Students with Disabilities

As an educational institution devoted to personalized education, there are many things that WISR does to aid students with various disabilities, especially those with psychological and learning disabilities. First of all, as a matter of routine practice, faculty meet with students regularly to discuss their special needs and challenges as well as their strengths, in order to better support each individual student’s learning efforts.  This includes working with the student to develop learning strategies–study schedules, uses of special resources, and approaches to each assignment that will work best for the student, and to make the needed adjustments over time. In this context, when meeting with students with disabilities, faculty give special attention to those students’ special needs, and make accommodations to the extent of WISR’s capabilities as a small, institution with a limited budget. Therefore, prospective students with disabilities fill out the Disabilities Accommodation Request Form prior to making an enrollment decision, so that WISR’s ability to meet their needs can be realistically assessed and evaluated. WISR is committed to including the widest variety of students, and with varying needs, as is possible. If WISR cannot accommodate a particular student’s needs, the student will be informed of why WISR cannot and what specific challenges and limitations that they would face if they were to enroll. Based on this information, in order for the student to enroll at WISR, the student and WISR’s CEO or CAO must both agree that, overall, WISR can still meet enough of the student’s needs well enough that they will benefit from study at WISR. If it is determined that WISR cannot meet their needs, WISR’s CEO will inform the prospective student, whether or not it is feasible and likely that WISR can make sufficient changes in the 12 months to accommodate their needs. The CEO will state in writing the reasons for this assessment, and further, if changes are stated as likely, the CEO will also share in writing the key steps in the plan to make these changes. The prospective student will be informed that they should not take this as a guarantee, but instead, these statements are to be taken as a public disclosure of WISR’s intentions of the steps to be taken to become more accessible.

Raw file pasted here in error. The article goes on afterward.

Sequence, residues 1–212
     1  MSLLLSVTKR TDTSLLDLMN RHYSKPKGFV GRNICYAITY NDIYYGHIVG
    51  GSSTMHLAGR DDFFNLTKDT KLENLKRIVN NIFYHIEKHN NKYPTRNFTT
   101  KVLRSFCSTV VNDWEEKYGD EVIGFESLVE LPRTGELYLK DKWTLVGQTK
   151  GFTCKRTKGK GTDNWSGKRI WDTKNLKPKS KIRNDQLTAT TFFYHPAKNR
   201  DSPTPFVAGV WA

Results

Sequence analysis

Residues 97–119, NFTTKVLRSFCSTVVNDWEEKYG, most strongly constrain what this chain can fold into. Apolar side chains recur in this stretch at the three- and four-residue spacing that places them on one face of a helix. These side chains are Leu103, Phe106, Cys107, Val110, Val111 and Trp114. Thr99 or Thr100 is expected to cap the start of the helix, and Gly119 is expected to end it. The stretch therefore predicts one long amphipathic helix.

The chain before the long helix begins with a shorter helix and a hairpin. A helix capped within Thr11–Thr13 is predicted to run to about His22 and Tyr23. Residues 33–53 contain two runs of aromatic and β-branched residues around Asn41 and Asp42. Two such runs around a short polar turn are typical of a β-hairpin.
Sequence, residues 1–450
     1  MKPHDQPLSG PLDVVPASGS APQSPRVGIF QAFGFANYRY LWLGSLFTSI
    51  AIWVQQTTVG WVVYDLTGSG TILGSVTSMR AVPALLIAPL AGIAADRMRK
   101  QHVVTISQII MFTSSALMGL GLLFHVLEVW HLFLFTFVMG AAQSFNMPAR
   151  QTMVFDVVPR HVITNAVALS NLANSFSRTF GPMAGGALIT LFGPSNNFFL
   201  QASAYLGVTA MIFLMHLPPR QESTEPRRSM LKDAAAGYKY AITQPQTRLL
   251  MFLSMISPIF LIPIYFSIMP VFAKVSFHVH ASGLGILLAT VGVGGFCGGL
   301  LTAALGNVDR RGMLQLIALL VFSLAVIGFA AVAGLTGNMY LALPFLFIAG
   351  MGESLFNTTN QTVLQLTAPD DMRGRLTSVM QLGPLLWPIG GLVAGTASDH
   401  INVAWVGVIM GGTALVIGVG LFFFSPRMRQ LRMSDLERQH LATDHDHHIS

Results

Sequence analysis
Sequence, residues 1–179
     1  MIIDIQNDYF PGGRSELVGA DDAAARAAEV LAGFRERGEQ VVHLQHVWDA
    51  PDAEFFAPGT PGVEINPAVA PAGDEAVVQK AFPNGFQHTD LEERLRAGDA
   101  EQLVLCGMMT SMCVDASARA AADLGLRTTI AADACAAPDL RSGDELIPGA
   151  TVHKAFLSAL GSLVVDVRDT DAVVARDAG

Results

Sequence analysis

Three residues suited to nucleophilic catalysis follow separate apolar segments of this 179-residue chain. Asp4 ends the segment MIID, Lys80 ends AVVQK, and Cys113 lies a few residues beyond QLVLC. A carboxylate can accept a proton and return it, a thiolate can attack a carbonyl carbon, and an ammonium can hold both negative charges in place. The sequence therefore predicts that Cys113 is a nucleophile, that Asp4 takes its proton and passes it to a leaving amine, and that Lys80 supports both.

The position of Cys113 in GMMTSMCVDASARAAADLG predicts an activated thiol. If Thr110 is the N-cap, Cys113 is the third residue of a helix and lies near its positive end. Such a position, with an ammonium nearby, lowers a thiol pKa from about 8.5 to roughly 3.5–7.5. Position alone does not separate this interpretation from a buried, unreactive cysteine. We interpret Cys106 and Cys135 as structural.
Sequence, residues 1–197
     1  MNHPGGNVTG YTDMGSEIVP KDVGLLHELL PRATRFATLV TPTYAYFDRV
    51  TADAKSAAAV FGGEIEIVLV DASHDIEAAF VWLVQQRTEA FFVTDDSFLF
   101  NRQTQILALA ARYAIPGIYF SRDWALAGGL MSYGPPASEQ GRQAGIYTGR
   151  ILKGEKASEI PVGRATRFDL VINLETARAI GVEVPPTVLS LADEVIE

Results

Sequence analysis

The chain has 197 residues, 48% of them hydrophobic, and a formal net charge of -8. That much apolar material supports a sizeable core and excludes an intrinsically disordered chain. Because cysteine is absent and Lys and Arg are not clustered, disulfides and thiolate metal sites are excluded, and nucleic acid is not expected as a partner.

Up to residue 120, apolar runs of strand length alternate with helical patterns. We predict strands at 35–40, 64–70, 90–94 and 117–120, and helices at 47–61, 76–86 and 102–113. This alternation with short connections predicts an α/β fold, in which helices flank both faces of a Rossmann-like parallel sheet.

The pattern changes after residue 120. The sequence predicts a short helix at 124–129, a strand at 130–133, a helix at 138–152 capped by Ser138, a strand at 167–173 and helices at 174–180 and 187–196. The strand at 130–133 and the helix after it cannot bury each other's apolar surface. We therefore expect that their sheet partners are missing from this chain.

As a matter of routine practice, faculty meet with students regularly to discuss their special needs, and to make accommodations, including but not limited to: 1) gaining extra help and support with writing and the use of grammar and spell check software, 2) obtaining extended time for completing courses and the entire degree program, 3) in special cases, the student and their supervising faculty member may request from the Faculty Executive Committee permission to re-design some assignments so that the student with special needs can learn and demonstrate knowledge in equivalent ways (e.g., supporting students in learning how to use voice to text software for writing, and by substituting added oral exams for some of the shorter writing assignments).